How to Choose a Great Penny Stock Broker
If you want to do well in penny stocks, start with a great penny stock broker. Before the Internet dramatically changed the investment landscape, almost all stockbrokers were considered full-service brokers. An investor called the broker on the phone whenever she wanted to make a trade, and the broker charged a hefty commission — sometimes hundreds of dollars! — for his efforts. Fortunately, the Internet has changed all that.
Today, almost all brokers are considered discount brokers. Their commissions are very low — anywhere from $5 to $19.95 per trade, generally — and they have online tools and account platforms for researching and trading stocks. When you want to trade stock though a discount broker, you generally enter your buy or sell details through the Internet instead of placing them over the phone.
If you do call to make a trade over the phone, the broker will charge you a much higher commission, often as much as double the regular fee. With discount brokers, you don’t get the personal service of a full-service broker, of course, but that’s not a top priority for most penny stock investors — especially not for $200 per trade.
The characteristics you want in a stockbroker depend on your personal goals and strategies. For example, if you only plan to invest a few hundred dollars, you probably want a broker with no minimum balance requirements to open an account (meaning that you don’t have to have a certain amount of money in your account to get started).
If you plan to be a very active trader, making 20 buys and sells per week, low per-trade commissions may be more important to you. If you have lot of penny stocks in your account, you want a broker who doesn't add fees or apply penalties for low-priced shares.
Some of the criteria that you may look for in a broker may include, but aren’t necessarily limited to, these:
Minimum amount to open an account
Penalties for low account balances
Commission fees per trade
Special commission rates for lower-priced shares
Ability to trade (or not trade) on certain markets
Ease of use for online account, and trading interface
Customer service (both phone and e-mail)
Research and analysis tools
Speed of trade executions
Size of the client base
By deciding which criteria are most important for you, and then doing a little research on potential brokers, you can choose a discount broker who best meets your needs.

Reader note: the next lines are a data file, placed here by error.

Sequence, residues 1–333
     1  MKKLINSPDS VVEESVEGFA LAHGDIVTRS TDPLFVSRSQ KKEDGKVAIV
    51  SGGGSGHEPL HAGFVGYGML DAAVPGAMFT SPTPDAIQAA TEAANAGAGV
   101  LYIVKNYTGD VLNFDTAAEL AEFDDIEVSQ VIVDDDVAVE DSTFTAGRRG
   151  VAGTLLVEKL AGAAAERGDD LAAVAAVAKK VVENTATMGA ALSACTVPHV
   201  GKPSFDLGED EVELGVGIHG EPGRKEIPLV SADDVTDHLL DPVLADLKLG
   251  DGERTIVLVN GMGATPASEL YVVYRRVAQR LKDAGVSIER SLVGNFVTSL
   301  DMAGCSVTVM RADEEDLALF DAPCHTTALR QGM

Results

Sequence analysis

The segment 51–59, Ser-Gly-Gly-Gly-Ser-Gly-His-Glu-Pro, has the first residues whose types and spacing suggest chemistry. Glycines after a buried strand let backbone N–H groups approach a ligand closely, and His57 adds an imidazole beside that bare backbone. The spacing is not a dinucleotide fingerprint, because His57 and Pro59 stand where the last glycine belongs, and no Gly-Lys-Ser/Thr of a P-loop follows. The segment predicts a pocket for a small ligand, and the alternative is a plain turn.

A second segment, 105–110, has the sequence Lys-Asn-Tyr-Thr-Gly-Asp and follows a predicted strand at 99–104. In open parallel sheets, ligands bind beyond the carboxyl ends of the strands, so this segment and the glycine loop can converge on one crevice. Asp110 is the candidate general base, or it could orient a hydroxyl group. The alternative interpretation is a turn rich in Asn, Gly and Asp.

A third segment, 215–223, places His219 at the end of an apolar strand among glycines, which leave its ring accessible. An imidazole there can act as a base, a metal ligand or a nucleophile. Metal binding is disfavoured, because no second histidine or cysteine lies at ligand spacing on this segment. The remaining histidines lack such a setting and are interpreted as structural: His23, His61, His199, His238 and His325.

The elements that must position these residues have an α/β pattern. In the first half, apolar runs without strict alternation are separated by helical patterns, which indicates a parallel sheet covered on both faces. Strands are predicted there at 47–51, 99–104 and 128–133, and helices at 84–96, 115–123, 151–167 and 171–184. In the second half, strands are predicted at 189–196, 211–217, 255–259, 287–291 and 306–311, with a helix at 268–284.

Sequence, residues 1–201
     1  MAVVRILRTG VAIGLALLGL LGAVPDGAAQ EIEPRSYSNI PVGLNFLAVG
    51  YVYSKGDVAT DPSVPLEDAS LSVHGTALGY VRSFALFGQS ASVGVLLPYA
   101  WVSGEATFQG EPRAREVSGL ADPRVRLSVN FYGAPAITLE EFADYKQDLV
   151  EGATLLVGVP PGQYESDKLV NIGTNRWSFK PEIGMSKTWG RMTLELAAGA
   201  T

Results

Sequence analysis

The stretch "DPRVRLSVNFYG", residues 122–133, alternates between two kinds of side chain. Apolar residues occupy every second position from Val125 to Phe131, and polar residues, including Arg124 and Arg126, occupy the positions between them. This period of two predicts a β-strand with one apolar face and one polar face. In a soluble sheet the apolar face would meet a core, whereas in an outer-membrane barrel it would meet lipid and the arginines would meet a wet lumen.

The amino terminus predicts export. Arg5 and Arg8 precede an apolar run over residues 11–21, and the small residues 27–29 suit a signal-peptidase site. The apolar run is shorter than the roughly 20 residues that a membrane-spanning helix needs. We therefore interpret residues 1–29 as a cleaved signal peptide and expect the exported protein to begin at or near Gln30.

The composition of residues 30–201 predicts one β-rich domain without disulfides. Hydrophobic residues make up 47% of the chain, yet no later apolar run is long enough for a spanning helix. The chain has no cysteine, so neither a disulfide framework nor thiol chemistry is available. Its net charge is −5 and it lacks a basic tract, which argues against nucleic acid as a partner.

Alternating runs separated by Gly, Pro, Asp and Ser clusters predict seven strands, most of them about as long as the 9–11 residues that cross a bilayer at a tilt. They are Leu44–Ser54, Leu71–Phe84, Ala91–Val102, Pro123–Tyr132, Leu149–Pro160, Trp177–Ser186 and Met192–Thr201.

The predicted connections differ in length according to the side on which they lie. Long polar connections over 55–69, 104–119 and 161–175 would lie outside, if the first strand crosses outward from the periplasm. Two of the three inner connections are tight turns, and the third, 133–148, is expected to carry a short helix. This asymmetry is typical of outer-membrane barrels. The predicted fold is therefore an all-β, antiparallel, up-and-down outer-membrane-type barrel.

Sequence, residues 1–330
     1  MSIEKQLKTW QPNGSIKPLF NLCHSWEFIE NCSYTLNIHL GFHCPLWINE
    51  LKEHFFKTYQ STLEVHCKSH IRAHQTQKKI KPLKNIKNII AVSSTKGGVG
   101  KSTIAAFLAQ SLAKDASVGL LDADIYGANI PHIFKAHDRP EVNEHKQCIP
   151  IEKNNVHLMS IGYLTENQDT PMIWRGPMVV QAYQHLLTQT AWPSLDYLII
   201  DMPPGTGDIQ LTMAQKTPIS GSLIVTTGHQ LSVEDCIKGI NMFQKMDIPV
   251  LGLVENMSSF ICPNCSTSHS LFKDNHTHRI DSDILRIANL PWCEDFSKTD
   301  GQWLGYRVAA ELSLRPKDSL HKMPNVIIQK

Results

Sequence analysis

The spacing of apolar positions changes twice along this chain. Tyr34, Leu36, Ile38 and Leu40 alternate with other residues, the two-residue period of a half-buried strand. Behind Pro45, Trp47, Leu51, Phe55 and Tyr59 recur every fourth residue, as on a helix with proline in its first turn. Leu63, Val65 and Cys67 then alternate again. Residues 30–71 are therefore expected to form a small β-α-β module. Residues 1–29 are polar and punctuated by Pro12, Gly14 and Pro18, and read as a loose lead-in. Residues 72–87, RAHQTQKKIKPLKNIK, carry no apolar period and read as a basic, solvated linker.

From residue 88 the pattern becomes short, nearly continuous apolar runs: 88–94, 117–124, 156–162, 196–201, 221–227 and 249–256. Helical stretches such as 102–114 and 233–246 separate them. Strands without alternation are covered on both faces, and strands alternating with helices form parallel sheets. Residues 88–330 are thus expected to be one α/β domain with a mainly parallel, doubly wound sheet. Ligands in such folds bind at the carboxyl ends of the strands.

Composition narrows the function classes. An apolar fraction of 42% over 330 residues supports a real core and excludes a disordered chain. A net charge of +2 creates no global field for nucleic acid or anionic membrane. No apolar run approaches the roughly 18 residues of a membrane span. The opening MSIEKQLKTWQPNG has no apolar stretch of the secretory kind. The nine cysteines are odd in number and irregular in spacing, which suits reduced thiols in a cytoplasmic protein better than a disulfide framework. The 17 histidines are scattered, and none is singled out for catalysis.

The criteria you use for choosing a broker depends on the type of trades you plan to do. An ideal broker for larger, blue-chip shares may not be so ideal for trading penny stocks.
For trading penny stocks, find a firm that doesn’t have minimum balance requirements to open an account and that charges low commissions.
Ask potential brokers for their commission schedule. This information is available online or by e-mail and indicates how much the broker charges per trade. The commission schedule should also spell out any restrictions or extra fees for trading low-priced shares, and may even explain if any specific markets or sizes of stocks are restricted or come with additional fees.
If you’re relatively new to investing, find a broker who provides clients with helpful, easy-to-use online tools, such as price alerts and interactive charts. Of course, if you’re planning to do most of your research through sources other than your discount broker, what tools they offer is a less significant factor.
Just about every discount broker has research and analysis tools you can use after you have set up an account. However, to use their more advanced tools you may be required to pay additional fees. Although these cost-based services can be very good, the free options can leave much to be desired.
Due to this situation, the majority of penny stock traders rely on free online tools to do their research rather than those provided by their discount brokers. For example, you can use high-quality charting websites, get price quotes, set up price alerts, and review financial information all at no cost, and from reliable sources.
When to upgrade your penny stock broker
Don't be afraid to change brokers if your current one isn’t meeting your needs. A lot of fish are swimming around in the broker sea, and most of them want your business.
Yes, changing brokers can be a hassle, and your original broker may not make the transition easy for you. However, going to the effort of changing brokers is worth the trouble if your current broker isn’t meeting your trading needs.
You don’t have to do all your trades with a single broker. Many investors have multiple brokerage accounts. You may choose to have one account just for the tools it offers, another account for making penny stock trades, and yet another for trading larger equities.